ELIJAH JAMES AND THE NIGHTMARES – The Hellish Bending Towards the Light (Golden Believers Records)

The Hellish Bending Towards The LightThe story of Elijah James and the Nightmares’ second album, The Hellish Bending Towards The Light, is yet another in which the lockdowns play a big part. Rewind to 2019 and Elijah, with his eight-piece band, had just released a debut double album, Because I’m A Giant, and were planning a quick follow up album. The songs were ready, the studio booked, but global events were about to intervene. With the album shelved, the band broke up and Elijah became the one remaining member of Elijah James and the Nightmares. What he did have left, was a large collection of songs that he’d written over the years. During lockdown, he started to select some of these and began recording an acoustic album, which became The Hellish Bending Towards The Light.

Elijah James is a singer and songwriter from Liverpool, whose rich baritone voice has been compared to Leonard Cohen and Scott Walker. His band might have gone, but Elijah is joined on the album by former members Gareth Dawson on drums and Emily Vanlint on violin, along with backing vocalist Sophie Bernice. His musical style is contemporary, Indy folk, with Americana and Celtic influences. The songwriting is, as the album title suggests, often melancholic, although not without elements of hope. The deep, thoughtful, and often emotive lyrics, explore life and the human condition. Put simply, there’s nothing trivial in the subject matter!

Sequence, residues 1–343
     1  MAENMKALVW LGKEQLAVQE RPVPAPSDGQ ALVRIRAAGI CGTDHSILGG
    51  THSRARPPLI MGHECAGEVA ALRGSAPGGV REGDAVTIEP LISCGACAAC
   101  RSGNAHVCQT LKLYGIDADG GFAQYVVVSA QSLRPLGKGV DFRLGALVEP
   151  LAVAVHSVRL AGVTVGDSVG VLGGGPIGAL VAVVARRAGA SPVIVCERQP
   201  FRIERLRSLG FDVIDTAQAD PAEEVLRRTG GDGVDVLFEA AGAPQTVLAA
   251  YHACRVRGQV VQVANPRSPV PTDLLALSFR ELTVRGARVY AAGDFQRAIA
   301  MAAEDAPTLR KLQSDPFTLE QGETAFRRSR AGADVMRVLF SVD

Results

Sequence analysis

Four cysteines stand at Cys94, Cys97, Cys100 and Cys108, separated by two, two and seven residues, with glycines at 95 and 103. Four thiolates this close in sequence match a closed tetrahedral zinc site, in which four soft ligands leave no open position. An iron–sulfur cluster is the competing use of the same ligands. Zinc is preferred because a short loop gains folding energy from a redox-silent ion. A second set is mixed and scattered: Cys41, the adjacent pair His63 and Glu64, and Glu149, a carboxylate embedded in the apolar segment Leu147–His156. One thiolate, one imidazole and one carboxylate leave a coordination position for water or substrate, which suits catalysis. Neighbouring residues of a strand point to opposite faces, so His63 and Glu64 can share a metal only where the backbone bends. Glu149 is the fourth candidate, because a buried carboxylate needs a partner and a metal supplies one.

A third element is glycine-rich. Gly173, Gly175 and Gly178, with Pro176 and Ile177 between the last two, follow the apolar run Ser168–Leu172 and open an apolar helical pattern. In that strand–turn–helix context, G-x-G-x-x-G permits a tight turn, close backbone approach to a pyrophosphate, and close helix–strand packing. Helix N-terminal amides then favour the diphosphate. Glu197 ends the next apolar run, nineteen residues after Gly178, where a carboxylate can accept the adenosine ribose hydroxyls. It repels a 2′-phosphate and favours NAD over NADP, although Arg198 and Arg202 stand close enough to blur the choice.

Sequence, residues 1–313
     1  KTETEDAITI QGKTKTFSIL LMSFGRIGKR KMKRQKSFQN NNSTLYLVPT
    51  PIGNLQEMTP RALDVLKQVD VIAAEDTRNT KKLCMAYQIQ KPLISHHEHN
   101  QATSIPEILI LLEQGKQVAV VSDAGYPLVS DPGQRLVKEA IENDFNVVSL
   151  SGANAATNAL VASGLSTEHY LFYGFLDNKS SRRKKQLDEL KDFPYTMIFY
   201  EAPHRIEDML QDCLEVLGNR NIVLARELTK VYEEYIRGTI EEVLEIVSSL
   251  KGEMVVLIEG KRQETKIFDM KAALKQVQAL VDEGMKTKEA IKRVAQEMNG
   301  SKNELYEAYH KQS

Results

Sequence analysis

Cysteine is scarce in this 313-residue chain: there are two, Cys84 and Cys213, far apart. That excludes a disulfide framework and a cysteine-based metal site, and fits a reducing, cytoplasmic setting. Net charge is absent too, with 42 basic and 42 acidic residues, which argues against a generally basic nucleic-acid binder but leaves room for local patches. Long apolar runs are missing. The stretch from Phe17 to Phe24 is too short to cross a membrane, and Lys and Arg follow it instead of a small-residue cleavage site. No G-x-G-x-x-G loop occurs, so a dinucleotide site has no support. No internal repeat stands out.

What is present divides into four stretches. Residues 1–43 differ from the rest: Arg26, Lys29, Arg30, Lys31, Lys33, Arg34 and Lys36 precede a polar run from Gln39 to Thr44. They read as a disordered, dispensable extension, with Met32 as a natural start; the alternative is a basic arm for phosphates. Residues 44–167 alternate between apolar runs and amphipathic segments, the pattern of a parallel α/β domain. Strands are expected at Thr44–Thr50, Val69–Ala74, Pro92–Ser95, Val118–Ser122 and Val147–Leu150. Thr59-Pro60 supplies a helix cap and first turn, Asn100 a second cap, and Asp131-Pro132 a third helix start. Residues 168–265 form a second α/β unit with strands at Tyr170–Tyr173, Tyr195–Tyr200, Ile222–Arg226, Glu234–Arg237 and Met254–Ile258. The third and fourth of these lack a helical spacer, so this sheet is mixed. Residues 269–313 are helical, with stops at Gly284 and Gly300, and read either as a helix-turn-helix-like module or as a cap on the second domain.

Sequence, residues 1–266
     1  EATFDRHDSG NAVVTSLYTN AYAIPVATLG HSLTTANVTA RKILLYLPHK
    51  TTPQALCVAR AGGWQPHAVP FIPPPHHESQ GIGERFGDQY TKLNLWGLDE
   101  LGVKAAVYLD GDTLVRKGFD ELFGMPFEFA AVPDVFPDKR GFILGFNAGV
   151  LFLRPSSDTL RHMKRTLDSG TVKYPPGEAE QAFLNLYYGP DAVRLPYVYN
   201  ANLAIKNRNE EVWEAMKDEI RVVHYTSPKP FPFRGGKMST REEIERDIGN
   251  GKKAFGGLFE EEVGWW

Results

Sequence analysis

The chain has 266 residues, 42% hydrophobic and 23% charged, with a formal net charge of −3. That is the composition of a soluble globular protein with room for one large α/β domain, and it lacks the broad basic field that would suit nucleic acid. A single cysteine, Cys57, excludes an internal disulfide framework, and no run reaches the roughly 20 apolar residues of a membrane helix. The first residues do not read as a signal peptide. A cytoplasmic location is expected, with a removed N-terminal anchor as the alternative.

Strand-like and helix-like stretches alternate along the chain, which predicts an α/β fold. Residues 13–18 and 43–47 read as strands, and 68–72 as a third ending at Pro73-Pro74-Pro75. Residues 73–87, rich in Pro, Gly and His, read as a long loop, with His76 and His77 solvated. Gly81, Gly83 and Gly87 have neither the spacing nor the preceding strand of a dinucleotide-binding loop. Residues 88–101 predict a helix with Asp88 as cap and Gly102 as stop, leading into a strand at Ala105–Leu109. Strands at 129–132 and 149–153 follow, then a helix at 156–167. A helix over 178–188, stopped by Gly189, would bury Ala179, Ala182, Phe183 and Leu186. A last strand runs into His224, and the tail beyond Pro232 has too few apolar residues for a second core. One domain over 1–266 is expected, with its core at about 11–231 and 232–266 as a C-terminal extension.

The point about melancholy is re-enforced by the title of the opening track, ‘The Coroner’s Report.’ The tune though, has a gentle feel, with Elijah’s guitar supported by Emily’s violin. The lyrics evoke feelings of mortality and the fragility of life, but there is light as well, particularly around the feeling of safety and belonging in a hometown.

‘The Man In The Diner’ was released as the first single from the album. The soulful tune has a nice Celtic feel, helped by some fine violin playing. Sophie’s backing vocals also add a richly haunting feel. In the lyrics, the narrator compares himself to the man of the title – alone and dishevelled as he passes time in the diner. The sorrow and trials of life are explored, as shown by the emotive words of the chorus: ‘My World is a drop of strong whisky in a burning building, And I’m waiting for something to save me’.

But there seems to be more to this than hopelessness. The man sitting in the diner isn’t only lonely, and he no longer waits on the words of a girl who died long ago. The narrator seems to find solace in reading Marcus Aurelius and Senecca the Younger, two Roman philosophers of the Stoic school. Is a stoic acceptance of circumstances a source of comfort here? This is a strong and thought-provoking song.

‘This Love,’ with its nicely rhythmic guitar tune, tells of a love that doesn’t seem to be working for either party. The narrator is left asking to be given something to kill ‘The next motherf….r who says just cheer up kid.’ I’m sure many of us know the feeling.

A short guitar sequence opens ‘Out Of The Woodwork’ before a sad violin melody with a slight Gypsy feel takes the lead. The lyrics, of which there are few, have a faintly menacing feel, helped by haunting vocals from Sophie, who takes lead vocals here. ‘I’m coming for you’ is a repeated phrase.

The next track is titled ‘Sara’ but is sung as Sarah. Either way, it has a good flowing tune played on guitar and violin. The lyrics talk of hopelessness and the fear of lost love, but again there is some hope, that the Sara of the title might be a saviour; ‘Be mine oh Sara be mine, And tonight in this bed I will be saved.’